Rep. Paul Ryan (R-WI) is now negotiating to decrease the deficit. Consider his past plans. He proposed raising the retirement age to 70 and implemented progressive price indexing as well as privatizing the program. Ryan’s plan would effectively cut benefits for all except 30 percent of the beneficiaries.

Social Security has nothing to do with the deficit because it is fully funded. It’s not an “entitlement program” because people pay into that specific program. With the $2.6 trillion surplus, Social Security can pay at 100 percent for the next 25 years and 75 percent after that. There is no deficit in Social Security; Republicans just want to use it for a cash cow to give money to the wealthiest people in the country.

Changes now can make Social Security self-supporting in perpetuity. Payroll taxes are collected only up to $110,100 in 2012, putting the burden on low- and middle-income workers. Eliminating that cap would allow Social Security to pay full benefits for the next 75 years, according to a Congressional Research Service report. Sen. Bernie Sanders (I-VT) tried to raise the cap last year, but both the GOP and the media ignored his attempts preferring to continue the myth of the “bankrupt” Social Security.

Medicare is also in good shape according to the Medicare Trustee’s annual report from April 2012. “The Hospital Insurance (Part A) Trust Fund has sufficient reserves to pay out the full amount of Medicare Part A benefits until 2024—the same projection made in last year’s report.  Should nothing else change, and the Trust Fund reserves be depleted in 2024, the Trust Fund would still receive sufficient income from the payroll taxes and other revenue through which it is funded to pay 87% of anticipated Part A expenses.” The report is based on a poor economy; projections will improve with the economy.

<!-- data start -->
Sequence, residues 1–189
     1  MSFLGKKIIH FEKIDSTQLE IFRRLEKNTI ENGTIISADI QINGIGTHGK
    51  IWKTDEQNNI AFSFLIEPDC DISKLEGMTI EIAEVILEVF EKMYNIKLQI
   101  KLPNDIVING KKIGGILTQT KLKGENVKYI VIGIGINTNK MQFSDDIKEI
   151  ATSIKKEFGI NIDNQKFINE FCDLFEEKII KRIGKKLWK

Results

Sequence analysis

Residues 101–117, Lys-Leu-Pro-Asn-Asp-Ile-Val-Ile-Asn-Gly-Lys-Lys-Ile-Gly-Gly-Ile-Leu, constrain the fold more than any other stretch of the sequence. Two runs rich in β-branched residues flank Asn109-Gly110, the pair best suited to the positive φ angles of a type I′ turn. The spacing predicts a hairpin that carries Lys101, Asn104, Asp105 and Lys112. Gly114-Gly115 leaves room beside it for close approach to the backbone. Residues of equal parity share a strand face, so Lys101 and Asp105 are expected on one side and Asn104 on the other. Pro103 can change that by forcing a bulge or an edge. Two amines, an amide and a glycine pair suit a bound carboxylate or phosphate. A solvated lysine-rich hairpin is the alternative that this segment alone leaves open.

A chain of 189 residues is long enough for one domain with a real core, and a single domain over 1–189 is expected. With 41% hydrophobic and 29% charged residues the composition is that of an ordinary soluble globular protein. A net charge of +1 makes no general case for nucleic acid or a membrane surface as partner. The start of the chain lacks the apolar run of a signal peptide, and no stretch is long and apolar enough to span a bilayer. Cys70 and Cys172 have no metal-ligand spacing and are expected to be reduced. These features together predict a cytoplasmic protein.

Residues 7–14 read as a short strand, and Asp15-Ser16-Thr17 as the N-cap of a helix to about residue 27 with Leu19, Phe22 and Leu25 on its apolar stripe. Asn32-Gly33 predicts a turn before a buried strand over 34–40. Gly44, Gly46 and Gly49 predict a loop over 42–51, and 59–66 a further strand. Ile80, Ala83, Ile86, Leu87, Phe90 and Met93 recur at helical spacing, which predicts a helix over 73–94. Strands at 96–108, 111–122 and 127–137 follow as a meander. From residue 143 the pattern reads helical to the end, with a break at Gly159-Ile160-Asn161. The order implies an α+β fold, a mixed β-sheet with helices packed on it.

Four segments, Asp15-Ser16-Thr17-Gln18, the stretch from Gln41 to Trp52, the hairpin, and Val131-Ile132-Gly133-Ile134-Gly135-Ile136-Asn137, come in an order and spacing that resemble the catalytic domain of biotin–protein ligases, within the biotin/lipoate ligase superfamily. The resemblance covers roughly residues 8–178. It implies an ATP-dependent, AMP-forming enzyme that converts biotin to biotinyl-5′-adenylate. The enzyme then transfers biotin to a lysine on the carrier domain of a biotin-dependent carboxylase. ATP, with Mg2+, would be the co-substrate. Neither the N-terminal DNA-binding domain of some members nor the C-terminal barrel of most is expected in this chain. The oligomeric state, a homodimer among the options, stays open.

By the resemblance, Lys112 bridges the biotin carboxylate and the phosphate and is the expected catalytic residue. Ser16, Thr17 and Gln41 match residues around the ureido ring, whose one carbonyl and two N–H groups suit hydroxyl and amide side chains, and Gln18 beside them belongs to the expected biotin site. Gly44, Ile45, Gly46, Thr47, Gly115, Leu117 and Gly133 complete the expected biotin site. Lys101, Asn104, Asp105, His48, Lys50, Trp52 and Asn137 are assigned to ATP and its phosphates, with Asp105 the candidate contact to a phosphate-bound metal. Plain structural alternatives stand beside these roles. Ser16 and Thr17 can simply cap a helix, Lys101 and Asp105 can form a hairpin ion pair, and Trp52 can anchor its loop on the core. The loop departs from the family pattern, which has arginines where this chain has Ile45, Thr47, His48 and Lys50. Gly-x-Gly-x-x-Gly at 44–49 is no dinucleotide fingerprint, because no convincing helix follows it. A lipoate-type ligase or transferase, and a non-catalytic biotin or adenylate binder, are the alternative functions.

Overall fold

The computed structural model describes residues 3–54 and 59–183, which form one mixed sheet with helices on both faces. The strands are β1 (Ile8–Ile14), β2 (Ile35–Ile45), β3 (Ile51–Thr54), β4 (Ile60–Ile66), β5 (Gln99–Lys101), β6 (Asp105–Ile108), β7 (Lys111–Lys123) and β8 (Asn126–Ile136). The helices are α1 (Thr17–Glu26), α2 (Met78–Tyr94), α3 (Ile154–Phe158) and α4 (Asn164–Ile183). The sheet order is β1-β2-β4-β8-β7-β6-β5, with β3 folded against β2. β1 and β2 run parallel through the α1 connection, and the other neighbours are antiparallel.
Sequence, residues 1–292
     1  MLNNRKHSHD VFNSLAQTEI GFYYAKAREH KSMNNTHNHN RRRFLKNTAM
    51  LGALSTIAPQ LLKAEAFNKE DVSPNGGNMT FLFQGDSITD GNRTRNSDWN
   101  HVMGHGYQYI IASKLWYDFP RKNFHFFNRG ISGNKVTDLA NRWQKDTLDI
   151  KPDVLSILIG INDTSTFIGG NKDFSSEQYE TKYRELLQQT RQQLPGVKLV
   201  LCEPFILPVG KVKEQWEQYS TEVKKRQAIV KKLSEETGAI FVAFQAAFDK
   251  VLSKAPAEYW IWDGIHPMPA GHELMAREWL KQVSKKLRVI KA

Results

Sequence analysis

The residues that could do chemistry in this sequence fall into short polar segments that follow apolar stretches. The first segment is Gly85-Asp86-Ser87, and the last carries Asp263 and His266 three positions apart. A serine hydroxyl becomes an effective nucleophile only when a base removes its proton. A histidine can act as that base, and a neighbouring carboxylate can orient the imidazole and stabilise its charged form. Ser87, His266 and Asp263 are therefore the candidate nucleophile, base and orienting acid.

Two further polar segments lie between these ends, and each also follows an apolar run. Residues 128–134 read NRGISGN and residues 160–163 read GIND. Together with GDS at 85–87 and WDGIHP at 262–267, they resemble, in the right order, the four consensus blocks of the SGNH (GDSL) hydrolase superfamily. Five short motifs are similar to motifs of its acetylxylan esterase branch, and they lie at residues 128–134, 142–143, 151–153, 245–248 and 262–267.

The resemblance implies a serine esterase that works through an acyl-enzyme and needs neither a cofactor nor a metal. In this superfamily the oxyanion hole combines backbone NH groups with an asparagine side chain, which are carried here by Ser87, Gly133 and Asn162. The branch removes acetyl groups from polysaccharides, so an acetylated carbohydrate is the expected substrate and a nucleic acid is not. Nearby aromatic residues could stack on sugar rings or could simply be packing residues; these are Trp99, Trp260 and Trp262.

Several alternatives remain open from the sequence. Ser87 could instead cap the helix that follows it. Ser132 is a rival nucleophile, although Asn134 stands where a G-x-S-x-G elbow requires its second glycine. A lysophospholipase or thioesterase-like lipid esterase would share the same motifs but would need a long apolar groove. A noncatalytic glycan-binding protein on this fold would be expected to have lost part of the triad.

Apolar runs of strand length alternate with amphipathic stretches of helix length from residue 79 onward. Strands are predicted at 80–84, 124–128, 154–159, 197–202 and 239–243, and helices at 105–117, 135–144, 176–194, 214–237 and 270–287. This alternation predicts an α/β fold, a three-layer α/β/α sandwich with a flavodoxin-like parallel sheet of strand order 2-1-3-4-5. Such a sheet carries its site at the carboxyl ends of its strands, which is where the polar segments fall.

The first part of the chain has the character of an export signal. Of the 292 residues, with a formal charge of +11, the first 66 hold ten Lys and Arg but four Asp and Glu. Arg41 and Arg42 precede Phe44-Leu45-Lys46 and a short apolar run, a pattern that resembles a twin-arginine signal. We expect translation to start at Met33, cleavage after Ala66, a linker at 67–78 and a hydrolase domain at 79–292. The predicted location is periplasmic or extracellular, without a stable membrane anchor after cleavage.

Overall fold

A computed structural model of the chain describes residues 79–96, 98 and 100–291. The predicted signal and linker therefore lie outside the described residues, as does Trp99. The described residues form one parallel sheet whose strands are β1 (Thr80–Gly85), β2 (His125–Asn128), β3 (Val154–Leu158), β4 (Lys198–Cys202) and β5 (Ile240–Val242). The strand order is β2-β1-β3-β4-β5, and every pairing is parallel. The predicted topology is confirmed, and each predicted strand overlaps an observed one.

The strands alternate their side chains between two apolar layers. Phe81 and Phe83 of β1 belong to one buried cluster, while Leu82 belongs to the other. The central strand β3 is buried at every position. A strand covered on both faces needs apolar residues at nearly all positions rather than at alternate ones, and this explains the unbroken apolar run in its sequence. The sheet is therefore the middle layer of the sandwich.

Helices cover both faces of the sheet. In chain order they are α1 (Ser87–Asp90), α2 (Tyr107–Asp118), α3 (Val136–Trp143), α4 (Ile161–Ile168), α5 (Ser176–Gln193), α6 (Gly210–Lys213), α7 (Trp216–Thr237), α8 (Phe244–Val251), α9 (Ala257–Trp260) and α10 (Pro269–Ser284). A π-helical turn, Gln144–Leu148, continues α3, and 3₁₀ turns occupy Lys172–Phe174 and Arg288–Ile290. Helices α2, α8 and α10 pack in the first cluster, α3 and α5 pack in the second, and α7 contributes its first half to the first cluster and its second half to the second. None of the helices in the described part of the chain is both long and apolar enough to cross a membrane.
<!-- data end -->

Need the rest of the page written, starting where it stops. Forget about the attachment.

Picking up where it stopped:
The future of Medicare would be even rosier if the GOP were willing to curb health care costs. Bargaining for drug prices would save billions. The Independent Payment Advisory Board, created as part of Obamacare to help Medicare control costs, could provide a theory of necessary medical treatments. These are not “death panels,” and the GOP wouldn’t care anyway because they are willing to take people off Medicare and let them die.